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The thirteenth shot…

A final word on avenging justice

Mineirinho was “a bandit killer of some notoriety, who operated in Rio de Janeiro until he was finally tracked down and shot by the police.” From Clarice Lispector (1920–1977), The Foreign Legion, pp. 212-3:


I suppose that I should search within myself as one of the representatives of mankind, in order to ascertain why the death of a criminal should cause so much sorrow. And why I prefer to speak of the thirty shots which killed Mineirinho rather than discuss his crimes. I asked my cook what she thought about the matter. I detected the tiny spasms of conflict on her face, the disquiet of not being able to rationalize her feelings, of being forced to betray contradictory emotions because she did not know how to conciliate them. Irreducible facts, also an irreducible indignation, the violent compassion of indignation. To feel ourselves puzzled and divided in the face of our inability to forget that Mineirinho was dangerous and had murdered far too often; yet we wanted him alive. The cook was somewhat wary, perhaps because she was suspicious of avenging justice. With an unmistakable tone of irritation which came from the heart, she replied coldly: ‘There is no point in telling you what I feel. Surely everybody knows that Mineirinho was a criminal? But I’m convinced that his soul was saved and he is already in heaven.’ I answered: ‘Much more likely than in the case of lots of people who have never killed anyone.’

Why? For the first commandment, which protects irreplaceable body and life, says thou shalt not kill. That commandment is my greatest guarantee: so do not kill me, for I do not wish to die, and do not let me kill, because to have killed would cast me into eternal darkness.

This is the commandment. But while I can listen to the first and the second shot with a sense of relief, the third shot makes me alert, the fourth leaves me restless, the fifth and sixth cover me with shame, the seventh and eighth cause my heart to beat with alarm, the ninth and tenth cause my mouth to tremble, the eleventh shot finds me invoking the name of God in terror, and at the twelfth shot I call for my brother. The thirteenth shot kills me—because I am the other. Because I want to be the other.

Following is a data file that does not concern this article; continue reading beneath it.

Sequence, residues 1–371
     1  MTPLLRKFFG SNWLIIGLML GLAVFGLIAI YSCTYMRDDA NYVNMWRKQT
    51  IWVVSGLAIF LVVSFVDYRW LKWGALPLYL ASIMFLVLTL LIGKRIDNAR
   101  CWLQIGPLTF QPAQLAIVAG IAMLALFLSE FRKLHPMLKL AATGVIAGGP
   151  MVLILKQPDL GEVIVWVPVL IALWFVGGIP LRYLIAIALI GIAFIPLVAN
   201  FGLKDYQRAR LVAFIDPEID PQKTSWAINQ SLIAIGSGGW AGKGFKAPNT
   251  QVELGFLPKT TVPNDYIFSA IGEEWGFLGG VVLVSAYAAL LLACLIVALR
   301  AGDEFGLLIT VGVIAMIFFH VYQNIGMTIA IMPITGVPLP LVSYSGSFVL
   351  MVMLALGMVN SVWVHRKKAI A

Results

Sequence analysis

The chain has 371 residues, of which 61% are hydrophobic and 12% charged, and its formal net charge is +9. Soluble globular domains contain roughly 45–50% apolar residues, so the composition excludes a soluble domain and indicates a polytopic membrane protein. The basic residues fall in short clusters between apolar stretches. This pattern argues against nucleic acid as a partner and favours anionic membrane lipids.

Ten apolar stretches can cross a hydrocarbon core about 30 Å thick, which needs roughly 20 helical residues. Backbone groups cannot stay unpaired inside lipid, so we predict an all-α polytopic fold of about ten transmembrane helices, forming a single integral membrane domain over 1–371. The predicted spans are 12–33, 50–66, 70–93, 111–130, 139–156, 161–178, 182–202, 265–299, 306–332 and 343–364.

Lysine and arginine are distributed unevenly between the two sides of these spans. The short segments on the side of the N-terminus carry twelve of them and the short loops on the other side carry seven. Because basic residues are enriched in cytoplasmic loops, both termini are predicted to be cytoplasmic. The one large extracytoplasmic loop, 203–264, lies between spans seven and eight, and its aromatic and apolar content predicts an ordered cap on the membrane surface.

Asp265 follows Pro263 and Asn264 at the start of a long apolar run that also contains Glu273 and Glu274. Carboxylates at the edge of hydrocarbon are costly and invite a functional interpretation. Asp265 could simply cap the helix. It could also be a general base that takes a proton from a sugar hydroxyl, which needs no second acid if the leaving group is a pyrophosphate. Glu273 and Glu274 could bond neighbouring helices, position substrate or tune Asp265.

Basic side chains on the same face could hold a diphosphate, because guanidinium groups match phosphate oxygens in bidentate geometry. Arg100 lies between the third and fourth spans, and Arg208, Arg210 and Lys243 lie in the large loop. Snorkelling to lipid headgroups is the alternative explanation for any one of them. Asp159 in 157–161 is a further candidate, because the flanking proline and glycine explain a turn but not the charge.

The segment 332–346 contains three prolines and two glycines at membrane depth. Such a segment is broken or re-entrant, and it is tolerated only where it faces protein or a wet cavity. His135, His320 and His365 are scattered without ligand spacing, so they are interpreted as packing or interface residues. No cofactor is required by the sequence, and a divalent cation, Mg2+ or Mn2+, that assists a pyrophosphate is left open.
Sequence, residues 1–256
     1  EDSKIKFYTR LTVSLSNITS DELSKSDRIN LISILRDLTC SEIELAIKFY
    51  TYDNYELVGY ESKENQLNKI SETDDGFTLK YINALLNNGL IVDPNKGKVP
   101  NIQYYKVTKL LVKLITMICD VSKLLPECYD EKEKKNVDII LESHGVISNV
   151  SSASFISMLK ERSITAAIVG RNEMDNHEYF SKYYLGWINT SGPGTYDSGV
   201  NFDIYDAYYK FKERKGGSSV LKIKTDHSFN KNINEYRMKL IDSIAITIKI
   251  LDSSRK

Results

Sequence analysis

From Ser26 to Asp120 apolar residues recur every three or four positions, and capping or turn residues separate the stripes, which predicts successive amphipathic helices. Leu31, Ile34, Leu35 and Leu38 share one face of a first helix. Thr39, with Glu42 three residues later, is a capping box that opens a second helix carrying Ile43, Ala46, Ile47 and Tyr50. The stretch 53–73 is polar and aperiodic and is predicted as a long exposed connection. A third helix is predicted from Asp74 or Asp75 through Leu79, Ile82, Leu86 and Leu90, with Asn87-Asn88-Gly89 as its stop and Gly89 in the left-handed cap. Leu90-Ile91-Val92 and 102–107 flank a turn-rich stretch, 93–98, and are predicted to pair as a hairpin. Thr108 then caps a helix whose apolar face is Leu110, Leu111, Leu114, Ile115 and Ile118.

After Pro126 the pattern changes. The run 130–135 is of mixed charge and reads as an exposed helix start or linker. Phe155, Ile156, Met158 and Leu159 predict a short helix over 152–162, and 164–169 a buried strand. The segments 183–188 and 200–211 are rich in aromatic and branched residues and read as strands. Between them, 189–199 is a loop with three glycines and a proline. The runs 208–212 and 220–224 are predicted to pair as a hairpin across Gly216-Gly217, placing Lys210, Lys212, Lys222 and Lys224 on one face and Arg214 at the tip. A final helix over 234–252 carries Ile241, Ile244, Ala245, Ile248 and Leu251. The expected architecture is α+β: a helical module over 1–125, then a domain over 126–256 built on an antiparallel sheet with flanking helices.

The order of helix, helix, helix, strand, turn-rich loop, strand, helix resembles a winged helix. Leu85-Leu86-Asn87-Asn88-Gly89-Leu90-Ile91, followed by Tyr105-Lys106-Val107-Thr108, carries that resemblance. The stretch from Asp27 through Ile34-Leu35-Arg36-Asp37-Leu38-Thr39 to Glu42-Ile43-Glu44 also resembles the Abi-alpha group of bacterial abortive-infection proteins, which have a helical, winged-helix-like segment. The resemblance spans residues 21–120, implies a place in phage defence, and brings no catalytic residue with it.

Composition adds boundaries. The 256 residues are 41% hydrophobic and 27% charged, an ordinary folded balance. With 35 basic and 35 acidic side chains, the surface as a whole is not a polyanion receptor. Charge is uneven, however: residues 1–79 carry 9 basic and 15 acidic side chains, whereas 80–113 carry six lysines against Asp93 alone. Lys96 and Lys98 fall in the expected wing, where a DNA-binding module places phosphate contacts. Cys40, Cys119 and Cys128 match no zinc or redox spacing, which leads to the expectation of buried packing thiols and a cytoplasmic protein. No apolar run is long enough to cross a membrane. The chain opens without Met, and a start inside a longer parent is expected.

I repudiate this justice which watches over my sleep, and feel humiliated that I should need it. Meantime, I sleep, and falsely save myself. We, who are astute by nature.

So that my house may function, I make it my priority to be astute so as to give no outlet to the rebellion and love which rage inside me. Were I not astute, my house would shake. I must have forgotten that below the house there is the soil, the terrain where a new house might be erected. Meantime, we sleep and falsely save ourselves. Until thirteen shots awaken us, and with horror I say, but much too late—twenty-eight years after Mineirinho was born—that they should not kill the cornered bandit, that they should not kill this man. For I know that he is my weakness. And of an entire life, dear God, sometimes all that one salvages is weakness. I know that we shall not be saved as long as we do not value our weakness. My weakness is the mirror, wherein I behold what I silently made of a man. My weakness is the way I saw life open out in his flesh. I panicked, and saw the matter of life, placenta and blood, the living quagmire. My way of life exploded in Mineirinho. How could I resist loving him, if he lived until the thirteenth shot when I was sleeping? His startled violence. His innocent violence—not its consequences, but innocent in itself like the violence of a child neglected by its father. All that was violence in him is astuteness in us, and we avoid each other’s gaze lest we should run the risk of misunderstanding each other. Lest the house should shake….

(I stop quoting here before I get shot myself for copyright violation… I consider this passage so revealing and important on the questions of capital punishment, abortion, male criminality, motherhood and the relation between them all that I gladly risk it.)

That we are not killed at or before birth is due to some woman’s weakness. There is no right to life, and though many should die, no one can deserve it.

Posted by luno in Lispector, motherhood, abortion, capital punishment, male criminality (Friday August 26, 2005 at 3:01 pm)

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